In the analysis of a temporal process, Kohonen maps may be used together with time-series (TS) algorithms. Previous research aimed at combining Kohonen algorithms and Markov switching models in order to suggest a periodization of the international bimetallism in the 19th century (Boyer-Xambeu, Deleplace, Gaubert, Gillard and Olteanu, 2006). This research was based on an economic study of the international monetary system ruling at this time in Europe, which combined three monetary zones: a gold-standard one, centred in London, a bimetallic one, centred in Paris, and a silver-standard one, centred in Hamburg (Boyer- Xambeu, Deleplace and Gillard, 2006). The three major financial centres of that system (London, Paris, and Hamburg, hence the label LPH used hereafter) were linked through arbitrage operations between markets for gold and silver and markets for foreign exchange located in those centres. Since two metals, gold and silver, acted as monetary standards in that system, it worked as an international bimetallism. Its growing integration during half a century (from 1821 to 1873) was reflected in the convergence of the observed levels of the relative price of gold to silver in London, Paris, and Hamburg. However, this integration process was subject to various changes, which can be understood as exogenous shocks disturbing that process. One such shock is vastly documented in the literature: the discovery of new gold mines in the United States and Australia, which led to a sudden decline in 1850 of the gold-silver price over all the markets in the world. This decline was not of the same magnitude everywhere, and therefore the spread between the London, Paris, and Hamburg gold-silver prices increased, stopping for a time the integration process of the system. This is what we will call a breaking in that process. The present paper aims at locating the major breakings occurring during the period of international bimetallism; a historical study could link them to special events, which operated as exogenous shocks on that system. The indicator of integration used is the spread between the highest and the lowest among the London, Paris, and Hamburg gold-silver prices. Three algorithms are combined to study this integration: a periodization obtained with the SOM algorithm is confronted to the estimation of a two-regime Markov switching model, in order to give an interpretation of the changes of regime; at the same time changepoints are identified over the whole period providing a more precise interpretation of these varying types of regulation. Section 2 summarizes the results obtained with the SOM algorithm to differentiate the sub-periods obtained using the whole available data. Section 3 presents the kind of model used and the results of its estimation using the new indicator, the spread computed at each period of quotation between the three relative prices of gold in silver. The sub-periods are confronted to the two regimes obtained and some evidence of a relation between the regime and the volatility of the spread is presented. Section 4 presents the technique used to identify change-points in the temporal process and some strong results of breaks in mean and in variance of the spread are obtained. They are interpreted in terms of monetary history as, for some of them, they are quite new in the literature of this domain. Some further directions of research are indicated in conclusion.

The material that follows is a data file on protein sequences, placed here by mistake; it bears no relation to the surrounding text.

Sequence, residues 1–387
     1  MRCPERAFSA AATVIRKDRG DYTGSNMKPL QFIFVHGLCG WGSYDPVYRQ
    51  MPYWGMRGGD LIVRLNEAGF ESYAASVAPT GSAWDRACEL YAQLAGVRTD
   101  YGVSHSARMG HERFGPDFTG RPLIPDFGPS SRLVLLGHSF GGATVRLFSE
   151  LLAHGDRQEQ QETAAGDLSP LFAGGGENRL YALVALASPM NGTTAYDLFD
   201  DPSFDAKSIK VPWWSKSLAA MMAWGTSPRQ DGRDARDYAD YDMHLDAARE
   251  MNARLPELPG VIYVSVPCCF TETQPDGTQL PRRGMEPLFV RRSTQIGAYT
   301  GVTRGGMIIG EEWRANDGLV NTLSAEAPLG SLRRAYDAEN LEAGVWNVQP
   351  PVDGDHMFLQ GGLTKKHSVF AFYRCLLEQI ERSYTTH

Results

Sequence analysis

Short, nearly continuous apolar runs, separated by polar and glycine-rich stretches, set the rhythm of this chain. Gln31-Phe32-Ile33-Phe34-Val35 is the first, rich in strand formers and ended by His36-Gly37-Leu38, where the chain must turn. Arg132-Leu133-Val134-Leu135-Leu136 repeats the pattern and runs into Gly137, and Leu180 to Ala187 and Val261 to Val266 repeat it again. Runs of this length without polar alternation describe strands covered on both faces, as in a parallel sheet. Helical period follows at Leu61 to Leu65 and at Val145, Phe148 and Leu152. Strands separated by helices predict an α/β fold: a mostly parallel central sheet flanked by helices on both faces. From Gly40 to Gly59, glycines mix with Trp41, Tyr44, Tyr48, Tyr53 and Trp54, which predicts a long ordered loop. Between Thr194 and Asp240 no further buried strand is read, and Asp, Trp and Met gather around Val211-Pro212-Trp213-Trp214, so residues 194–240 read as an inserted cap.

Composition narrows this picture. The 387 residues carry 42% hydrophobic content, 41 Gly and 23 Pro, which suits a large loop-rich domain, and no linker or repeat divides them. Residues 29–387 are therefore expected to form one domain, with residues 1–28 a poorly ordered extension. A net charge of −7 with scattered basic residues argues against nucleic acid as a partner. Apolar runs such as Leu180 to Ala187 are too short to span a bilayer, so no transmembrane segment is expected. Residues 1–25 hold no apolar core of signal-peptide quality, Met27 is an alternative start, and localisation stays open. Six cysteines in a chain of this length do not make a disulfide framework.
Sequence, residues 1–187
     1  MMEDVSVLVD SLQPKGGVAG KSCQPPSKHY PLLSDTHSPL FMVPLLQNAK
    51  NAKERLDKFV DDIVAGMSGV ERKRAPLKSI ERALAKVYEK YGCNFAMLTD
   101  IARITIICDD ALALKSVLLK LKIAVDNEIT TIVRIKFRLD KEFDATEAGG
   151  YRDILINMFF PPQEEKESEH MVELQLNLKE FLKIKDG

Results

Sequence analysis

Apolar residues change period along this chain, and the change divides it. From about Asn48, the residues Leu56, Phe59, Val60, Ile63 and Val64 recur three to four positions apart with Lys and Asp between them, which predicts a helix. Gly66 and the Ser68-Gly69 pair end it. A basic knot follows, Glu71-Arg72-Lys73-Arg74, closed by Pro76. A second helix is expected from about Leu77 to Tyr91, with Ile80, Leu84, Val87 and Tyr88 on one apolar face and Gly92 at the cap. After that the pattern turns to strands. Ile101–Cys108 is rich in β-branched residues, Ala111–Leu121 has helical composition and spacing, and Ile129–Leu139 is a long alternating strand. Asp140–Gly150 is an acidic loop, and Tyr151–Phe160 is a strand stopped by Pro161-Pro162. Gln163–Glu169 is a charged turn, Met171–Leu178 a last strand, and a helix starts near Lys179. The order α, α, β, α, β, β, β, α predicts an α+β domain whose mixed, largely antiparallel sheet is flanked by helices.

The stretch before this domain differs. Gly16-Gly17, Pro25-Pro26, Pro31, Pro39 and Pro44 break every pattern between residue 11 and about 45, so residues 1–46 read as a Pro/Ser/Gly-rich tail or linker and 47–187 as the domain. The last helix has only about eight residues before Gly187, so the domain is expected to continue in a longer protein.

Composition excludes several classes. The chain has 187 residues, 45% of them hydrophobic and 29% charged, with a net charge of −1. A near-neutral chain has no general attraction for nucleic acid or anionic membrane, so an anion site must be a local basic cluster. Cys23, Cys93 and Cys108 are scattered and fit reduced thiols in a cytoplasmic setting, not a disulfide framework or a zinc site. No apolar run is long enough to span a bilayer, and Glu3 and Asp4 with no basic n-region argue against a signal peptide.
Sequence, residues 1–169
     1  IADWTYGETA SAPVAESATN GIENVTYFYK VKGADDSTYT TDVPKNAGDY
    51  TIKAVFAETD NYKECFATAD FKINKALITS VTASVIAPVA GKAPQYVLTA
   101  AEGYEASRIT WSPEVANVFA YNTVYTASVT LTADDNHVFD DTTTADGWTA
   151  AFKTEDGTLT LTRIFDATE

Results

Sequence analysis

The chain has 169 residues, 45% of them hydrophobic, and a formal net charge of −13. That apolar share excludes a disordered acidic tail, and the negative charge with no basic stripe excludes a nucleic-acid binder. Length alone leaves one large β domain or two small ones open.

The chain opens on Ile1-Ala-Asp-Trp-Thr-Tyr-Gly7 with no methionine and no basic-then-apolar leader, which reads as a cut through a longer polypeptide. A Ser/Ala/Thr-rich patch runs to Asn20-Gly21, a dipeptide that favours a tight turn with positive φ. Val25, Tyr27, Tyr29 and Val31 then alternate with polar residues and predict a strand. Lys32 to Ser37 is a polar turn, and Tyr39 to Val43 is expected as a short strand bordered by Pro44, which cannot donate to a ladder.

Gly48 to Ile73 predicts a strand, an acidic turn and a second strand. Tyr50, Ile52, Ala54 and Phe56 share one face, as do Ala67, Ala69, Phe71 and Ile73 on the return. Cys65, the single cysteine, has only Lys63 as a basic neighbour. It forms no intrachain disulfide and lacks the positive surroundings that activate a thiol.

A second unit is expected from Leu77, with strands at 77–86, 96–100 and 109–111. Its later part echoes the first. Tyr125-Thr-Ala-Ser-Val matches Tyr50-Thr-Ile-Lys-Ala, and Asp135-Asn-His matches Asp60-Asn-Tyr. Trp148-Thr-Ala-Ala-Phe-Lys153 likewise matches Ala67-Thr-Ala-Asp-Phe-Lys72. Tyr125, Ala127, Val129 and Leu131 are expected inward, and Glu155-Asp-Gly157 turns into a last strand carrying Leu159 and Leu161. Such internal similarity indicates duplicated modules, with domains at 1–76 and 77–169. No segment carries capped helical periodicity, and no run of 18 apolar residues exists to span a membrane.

The Sub-Periods Obtained With A Som Algorithm1